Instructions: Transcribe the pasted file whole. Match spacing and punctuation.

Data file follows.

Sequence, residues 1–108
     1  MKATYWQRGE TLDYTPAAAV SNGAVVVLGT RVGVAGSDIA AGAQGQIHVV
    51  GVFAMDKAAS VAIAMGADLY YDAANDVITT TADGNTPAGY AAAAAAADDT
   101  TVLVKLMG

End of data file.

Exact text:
Sequence, residues 1–108
     1  MKATYWQRGE TLDYTPAAAV SNGAVVVLGT RVGVAGSDIA AGAQGQIHVV
    51  GVFAMDKAAS VAIAMGADLY YDAANDVITT TADGNTPAGY AAAAAAADDT
   101  TVLVKLMG